Second, you must have "held yourselves out" as husband and wife. You must have represented to others that you were married to each other. As an example of this, you may have introduced you partner socially as "my husband," or you may have filed a joint income tax return.
Third, you must have lived together in this state as husband and wife.

Review our common law marriage research guide if you would like to locate more information about common law marriage.


Can a 17-year-old move out and leave home?

62 views   |   19   |   Last updated on Apr 29, 2015    Family Law

There does not seem to be a clear, straightforward answer to this question in the Texas statutes. We highlight the complexities of this question on our research guide titled Can a Seventeen-Year-Old Leave Home? On that page you'll find links to opinions issued by the Texas Attorney General related to 17-year-olds.

We recommend contacting the Texas Youth & Runaway Hotline at 1-800-989-6884 for assistance with this question. They also offer an online youth chat and a text messaging service.


Is there a Lemon Law in Texas? Does it cover used cars?

61 views   |   23   |   Last updated on Apr 29, 2015    Consumer Protection Motor Vehicles

The Texas version of what is commonly referred to as a lemon law starts at section 2301.601 of the Texas Occupations Code. The Texas Department of Transportation provides information about the Texas lemon law. They also have this brochure about the lemon law [PDF]. And because the law is complex, the department also offers an assistance hotline at (888) 368-4689 or (512) 416-4800.


Can I terminate my parental rights?

56 views   |   25   |   Last updated on May 04, 2015    Family Law

Texas law allows for the termination of parental rights in certain situations. When this process is voluntary, it is often referred to as "relinquishment," but a court can also order termination of parental rights, which is involuntary. You can read more about the procedure in chapter 161 of the Family Code. TexasLawHelp.org also offers information about terminating paternity. And you can find links to more information on our termination of parental rights research guide.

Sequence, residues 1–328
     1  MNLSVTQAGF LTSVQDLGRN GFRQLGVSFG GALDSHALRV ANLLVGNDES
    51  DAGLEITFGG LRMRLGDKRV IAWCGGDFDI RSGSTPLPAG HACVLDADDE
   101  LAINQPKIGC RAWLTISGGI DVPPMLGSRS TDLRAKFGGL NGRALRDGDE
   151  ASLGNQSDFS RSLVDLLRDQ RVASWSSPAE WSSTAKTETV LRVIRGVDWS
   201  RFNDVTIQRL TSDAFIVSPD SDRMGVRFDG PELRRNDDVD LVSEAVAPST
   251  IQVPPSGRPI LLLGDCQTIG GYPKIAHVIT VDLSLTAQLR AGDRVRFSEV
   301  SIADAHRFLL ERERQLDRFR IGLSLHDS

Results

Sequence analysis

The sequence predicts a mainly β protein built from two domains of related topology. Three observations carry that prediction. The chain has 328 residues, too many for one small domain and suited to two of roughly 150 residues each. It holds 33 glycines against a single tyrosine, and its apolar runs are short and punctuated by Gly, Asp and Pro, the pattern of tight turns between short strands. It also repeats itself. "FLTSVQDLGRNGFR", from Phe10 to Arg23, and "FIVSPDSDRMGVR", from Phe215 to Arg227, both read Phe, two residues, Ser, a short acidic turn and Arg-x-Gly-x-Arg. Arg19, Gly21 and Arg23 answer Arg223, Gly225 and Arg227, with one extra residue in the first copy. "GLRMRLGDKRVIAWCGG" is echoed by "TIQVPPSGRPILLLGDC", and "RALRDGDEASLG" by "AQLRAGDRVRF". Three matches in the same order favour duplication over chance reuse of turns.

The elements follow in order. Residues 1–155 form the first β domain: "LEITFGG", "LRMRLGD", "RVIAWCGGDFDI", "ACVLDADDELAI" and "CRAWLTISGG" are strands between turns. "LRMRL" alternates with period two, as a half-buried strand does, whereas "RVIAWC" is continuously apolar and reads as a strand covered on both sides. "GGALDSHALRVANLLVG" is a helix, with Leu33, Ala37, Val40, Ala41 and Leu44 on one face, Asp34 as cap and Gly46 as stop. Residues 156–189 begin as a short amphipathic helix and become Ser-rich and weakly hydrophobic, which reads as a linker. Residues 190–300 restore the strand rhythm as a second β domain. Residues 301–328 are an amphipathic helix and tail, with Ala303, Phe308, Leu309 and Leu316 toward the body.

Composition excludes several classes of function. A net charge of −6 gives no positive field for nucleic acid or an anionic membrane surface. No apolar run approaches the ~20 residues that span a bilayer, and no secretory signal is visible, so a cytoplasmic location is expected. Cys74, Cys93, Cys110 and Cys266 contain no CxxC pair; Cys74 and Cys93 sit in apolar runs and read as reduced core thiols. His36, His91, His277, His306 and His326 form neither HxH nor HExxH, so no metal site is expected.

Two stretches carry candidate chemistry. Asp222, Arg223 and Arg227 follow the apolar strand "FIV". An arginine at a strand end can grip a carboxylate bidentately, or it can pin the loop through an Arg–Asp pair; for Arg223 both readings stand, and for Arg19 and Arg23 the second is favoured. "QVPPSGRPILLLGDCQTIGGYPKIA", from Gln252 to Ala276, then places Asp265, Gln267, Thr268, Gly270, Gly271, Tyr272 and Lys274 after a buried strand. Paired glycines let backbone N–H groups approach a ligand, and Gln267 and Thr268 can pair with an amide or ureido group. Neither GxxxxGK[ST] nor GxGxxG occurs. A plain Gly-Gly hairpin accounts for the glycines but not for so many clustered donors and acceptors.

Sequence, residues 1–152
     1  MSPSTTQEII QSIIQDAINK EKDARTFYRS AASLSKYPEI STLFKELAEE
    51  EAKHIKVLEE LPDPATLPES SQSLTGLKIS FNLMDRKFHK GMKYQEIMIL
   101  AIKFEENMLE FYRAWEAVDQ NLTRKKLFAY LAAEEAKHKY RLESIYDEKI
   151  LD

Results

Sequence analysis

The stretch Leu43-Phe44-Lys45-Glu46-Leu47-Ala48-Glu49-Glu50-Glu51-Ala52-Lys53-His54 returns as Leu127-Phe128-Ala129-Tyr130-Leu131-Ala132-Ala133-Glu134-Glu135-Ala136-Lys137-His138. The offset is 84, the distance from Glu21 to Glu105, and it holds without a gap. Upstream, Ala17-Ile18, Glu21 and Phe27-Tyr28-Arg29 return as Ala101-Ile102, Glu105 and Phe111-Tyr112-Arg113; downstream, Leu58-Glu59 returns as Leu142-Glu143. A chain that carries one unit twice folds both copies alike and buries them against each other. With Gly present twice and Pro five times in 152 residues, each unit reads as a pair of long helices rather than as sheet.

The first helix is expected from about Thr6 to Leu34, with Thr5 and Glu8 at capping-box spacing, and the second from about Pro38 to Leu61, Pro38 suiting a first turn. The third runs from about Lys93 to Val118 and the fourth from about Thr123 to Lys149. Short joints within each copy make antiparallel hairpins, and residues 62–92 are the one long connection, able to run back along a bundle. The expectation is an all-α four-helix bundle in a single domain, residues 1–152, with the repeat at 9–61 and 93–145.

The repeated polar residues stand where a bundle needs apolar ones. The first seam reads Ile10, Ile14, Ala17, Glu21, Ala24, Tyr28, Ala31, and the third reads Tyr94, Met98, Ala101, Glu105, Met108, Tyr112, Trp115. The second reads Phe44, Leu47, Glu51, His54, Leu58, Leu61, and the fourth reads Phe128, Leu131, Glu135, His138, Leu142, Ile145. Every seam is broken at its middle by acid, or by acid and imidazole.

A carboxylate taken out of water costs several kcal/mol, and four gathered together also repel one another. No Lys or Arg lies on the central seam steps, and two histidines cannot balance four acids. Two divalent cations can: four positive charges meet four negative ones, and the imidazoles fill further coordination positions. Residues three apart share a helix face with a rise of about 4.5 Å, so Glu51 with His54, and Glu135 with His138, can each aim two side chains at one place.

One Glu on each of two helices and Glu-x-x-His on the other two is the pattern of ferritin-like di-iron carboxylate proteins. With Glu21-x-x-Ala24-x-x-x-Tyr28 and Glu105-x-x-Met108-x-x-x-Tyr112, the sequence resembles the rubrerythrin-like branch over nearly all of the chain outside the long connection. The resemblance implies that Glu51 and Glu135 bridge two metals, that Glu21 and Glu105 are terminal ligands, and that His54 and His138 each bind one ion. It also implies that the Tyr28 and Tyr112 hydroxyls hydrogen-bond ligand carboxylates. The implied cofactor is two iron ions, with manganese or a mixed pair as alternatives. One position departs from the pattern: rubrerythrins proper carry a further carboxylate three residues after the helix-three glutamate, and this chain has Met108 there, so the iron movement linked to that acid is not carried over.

If you are looking for forms to use, consider borrowing an electronic copy of Texas Family Law Practice and Procedure from us. You would need to first register for a library account online, and then you can use the practice guide to locate information and instructions. If you still have questions about what steps you should take, it would be best to consult with an attorney.


What happens if someone dies without a will?

54 views   |   26   |   Last updated on Apr 29, 2015    Wills/Probate

The Texas Estates Code addresses intestate succession, which is the legal term used to describe how an estate is settled when there is no will. In particular, chapter 201 of the Estates Code describes the distribution of an estate when there is no will. Factors that are taken into account include whether there is a surviving spouse, whether there are any surviving siblings, children, or other descendants, whether the property to be distributed was considered "community property" in a marriage, etc.

Our research guide on later-life resources provides a link to Where There's No Will [PDF], a publication from the Texas A&M Real Estate Center, that explains intestate succession.


How do I find a lawyer?

54 views   |   20   |   Last updated on May 01, 2015    Lawyers

The easiest way to find an attorney in your area would be to use a lawyer referral service or a legal directory. We provide links to various lawyer referral services and legal directories on our website. The State Bar of Texas Lawyer Referral Service offers a 30-minute consultation with an attorney for $20. Nearly all of the local bar associations' lawyer referral services offer that same service. All licensed attorneys are also required to submit their information to the Bar, and you can use the State Bar of Texas Directory to find an attorney. Take a look at our Where to Go for Help page if you are looking for free or low-cost legal assistance.


Is it illegal to pick bluebonnets in Texas?

49 views   |   25   |   Last updated on Apr 24, 2015    Texas Trivia

The Texas Dept. of Public Safety published a press release regarding bluebonnets in 2002. While it states that "there is no law against picking our State Flower," it urges you to consider other laws and other issues that might come into play — criminal trespassing, impeding traffic, damaging rights-of-way, etc. Also keep in mind that apart from state law, local governments (e.g., counties, municipalities) can enact ordinances that might apply within your jurisdiction.